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Fraud losses from email phishing attacks will hit $137m globally in 2004, according to a study from research and consulting firm TowerGroup. The figure is much lower than previous estimates. For example, a September survey commissioned by TRUSTean, an online privacy non-profit organization and NACHA, an electronic payments association, put US phishing losses to date at $500m.

TowerGroup reckons previous studies have overstated financial losses while underplaying the potential impact of phishing on lost consumer confidence. Phishing attacks are successful in fooling only a very small fraction of the online population and are, to many consumers, a nuisance like spam. TowerGroup reckons other analysts have overestimated response rates.

Beth Robertson, senior analyst in the global payments research service at TowerGroup and co-author of the research, said "Phishing attacks can allow criminals to fraudulently obtain consumer data, but they do not as commonly result in an actual fraud event in which accounts are accessed or funds are stolen."

Scam emails that form the basis of phishing attacks often pose as 'security check' emails from well-known businesses. These messages attempt to trick users into handing over their account details and passwords to bogus sites. The collected details are used for credit card fraud and identity theft. First seen more than a year ago, phishing emails are becoming increasingly sophisticated, directing users to bogus websites which accurately reproduce the look and feel of legitimate sites.

Like most observers TowerGroup agrees that phishing is on the rise but it reckons other surveys underreport the actual level and mix of phishing attacks. It estimates the number of phishing attacks will top 31,000 globally in 2004, reaching 86,000 next year as fraudsters begin to target customers of smaller financial institutions and a wider range of online merchants.

Phishing attacks are becoming more sophisticated as "organized crime rings have taken over much of its development" TowerGroup notes. "Not only has the quality of fake emails improved, but more effective targeting is increasing the efficiency of phishing attacks. Phishers are also integrating their scams with malicious software (or "malware") downloads, as well as complex new variants better classified as 'malware attacks' than as phishing - making the threat from these attacks more dangerous and more difficult to detect and prevent," it said.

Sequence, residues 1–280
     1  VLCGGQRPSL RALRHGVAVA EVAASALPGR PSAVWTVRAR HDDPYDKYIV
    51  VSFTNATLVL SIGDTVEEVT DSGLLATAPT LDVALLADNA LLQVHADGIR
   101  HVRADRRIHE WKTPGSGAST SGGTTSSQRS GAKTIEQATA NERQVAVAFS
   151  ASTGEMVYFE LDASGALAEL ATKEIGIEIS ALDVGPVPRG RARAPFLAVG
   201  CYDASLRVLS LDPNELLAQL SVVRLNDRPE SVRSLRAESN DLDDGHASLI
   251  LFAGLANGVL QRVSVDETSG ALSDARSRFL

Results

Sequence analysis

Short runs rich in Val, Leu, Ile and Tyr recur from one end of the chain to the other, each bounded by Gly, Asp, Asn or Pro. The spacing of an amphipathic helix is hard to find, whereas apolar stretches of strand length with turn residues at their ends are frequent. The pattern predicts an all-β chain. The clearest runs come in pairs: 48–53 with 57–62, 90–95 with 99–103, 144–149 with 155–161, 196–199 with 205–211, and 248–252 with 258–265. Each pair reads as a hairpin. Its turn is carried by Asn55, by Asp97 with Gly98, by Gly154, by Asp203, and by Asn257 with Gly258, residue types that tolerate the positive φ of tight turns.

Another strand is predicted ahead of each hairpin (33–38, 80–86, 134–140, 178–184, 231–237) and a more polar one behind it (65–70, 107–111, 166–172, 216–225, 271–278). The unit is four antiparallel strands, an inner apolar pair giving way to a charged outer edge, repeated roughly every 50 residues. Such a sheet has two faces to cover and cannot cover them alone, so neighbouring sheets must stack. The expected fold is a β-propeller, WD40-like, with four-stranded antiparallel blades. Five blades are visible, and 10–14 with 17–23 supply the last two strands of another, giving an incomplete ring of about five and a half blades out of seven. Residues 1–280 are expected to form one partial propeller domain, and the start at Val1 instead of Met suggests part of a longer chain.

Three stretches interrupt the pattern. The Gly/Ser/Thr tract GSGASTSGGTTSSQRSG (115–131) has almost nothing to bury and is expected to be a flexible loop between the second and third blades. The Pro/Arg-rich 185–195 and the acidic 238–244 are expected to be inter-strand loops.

The cost of managing phishing losses will be "far greater" than the cost of direct fraud. George Tubin, senior analyst at TowerGroup and co-author of the research, said: "One of the greatest liabilities is the potential loss of customer confidence in the Internet as a channel for provisioning financial services, not to mention loss of trust in financial institutions themselves. This is a critical issue, given the rising importance of the online channel in the retail financial services delivery mix."

The TowerGroup research report titled, A Phish Tale? Moving From Hype to Reality, catalogues the increasing sophistication of phishing and related internet scams. A companion report, No Phishing Zone: Vendor and Industry Initiatives to Curb E-Mail Fraud, looks at how the financial services industry is fighting the problem. ®

Related stories

Phishers tapping botnets to automate attacks
Fraudsters recruit phishing middlemen
Trojan targets UK online bank accounts
Consumers hit by net security jitters
Four charged in landmark UK phishing case
UK banks launch anti-phishing website
US phishing losses hit $500m

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